Markets are watching every move coming out of central banks as any action taken could be potentially roiling to sensitive investors. As market makers continue to look for solid ground in the tumultuous global economy, the actions of head bankers continue to set the pace even more so than governments. Policy directions from a central bank can change on a whim, while lawmakers the world over can’t pass a bill without undergoing major public drama.
This is, perhaps, another way in which the European Union’s exit from recession is still in questionable territory — those in the financial and economic world hoping for a rate cut from the European Central Bank are not likely to get their wish as Mario Draghi doesn’t appear apt to lower rates as economic data gets stronger.
The Euribor, the metric used to determine interbank lending throughout Europe, remained on keel Monday with the 3-month rate at 0.226 percent. Moreover, the dollar is trading down today as speculation over Fed minutes has markets concerned that the ‘tapering’ of quantitative easing is coming next month.
Markets on both sides of the ocean are equally concerned about their respective central bank’s policy — not to mention the concern they feel for the opposite bank. Europe and the bulk of the emerging market scene have largely benefited from the easy money generated by Ben Bernanke’s quantitative easing as foreign investment in many parts of the world have depended, or at the very least, prospered because of the program.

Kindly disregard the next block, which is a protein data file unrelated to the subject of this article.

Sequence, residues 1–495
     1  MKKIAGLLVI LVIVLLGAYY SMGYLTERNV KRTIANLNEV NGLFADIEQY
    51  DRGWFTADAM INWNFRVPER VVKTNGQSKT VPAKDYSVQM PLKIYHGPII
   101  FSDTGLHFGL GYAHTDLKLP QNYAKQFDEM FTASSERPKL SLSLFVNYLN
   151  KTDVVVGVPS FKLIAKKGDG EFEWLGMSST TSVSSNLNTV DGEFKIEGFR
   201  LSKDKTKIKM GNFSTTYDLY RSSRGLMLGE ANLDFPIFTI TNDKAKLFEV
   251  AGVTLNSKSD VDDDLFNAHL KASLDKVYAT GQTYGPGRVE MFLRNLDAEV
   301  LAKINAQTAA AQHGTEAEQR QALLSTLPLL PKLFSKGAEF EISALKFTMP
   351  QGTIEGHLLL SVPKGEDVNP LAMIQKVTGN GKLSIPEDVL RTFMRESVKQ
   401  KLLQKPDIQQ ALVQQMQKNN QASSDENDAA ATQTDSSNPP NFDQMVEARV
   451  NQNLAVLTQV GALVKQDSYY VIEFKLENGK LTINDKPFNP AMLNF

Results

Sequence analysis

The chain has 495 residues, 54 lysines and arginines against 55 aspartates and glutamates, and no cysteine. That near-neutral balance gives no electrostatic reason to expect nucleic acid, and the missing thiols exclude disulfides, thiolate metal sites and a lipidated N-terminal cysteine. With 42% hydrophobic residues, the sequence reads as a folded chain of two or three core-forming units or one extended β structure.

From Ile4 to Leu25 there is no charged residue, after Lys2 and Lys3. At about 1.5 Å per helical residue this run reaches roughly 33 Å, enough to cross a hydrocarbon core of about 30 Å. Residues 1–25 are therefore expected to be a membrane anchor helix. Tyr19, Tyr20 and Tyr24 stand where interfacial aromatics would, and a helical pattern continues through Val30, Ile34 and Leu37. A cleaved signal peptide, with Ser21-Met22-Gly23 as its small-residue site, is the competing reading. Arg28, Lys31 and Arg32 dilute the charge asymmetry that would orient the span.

Now, with the program’s future on the rocks, markets are starting to get nervous. The EU’s finished recession is making it look like central banks are going to let off the gas on both sides of the ocean. Stagnant economic activity in Europe could have ramifications for the U.S. as well, as both Treasury Secretary Jack Lew and President Obama have noted that Europe’s economic prosperity is intertwined with that of the U.S.
Moreover, as the continents move towards a massive free trade agreement, damage or scares caused by central banks could wound economic conditions moving forward. In 2011, the ECB raised rates as Europe looked to be rebounding — only to plunge the continent back into recession. As Bernanke contemplates the future of his pet asset purchasing program, markets rise and fall by 100′s of points in a day depending on his mood.
And yet, low rates and easy money will both have to end eventually, making the route by which these bankers are to arrive at the destination the chief complication. Markets are aware of this reality too, as is the case in Britain where continued doubts over Bank of England head Mark Carney’s promised low rates remain fresh. Eventually, central banks are going to have to break up with markets — or at the very least redefine their relationship.
Here’s to hoping they let them down gently.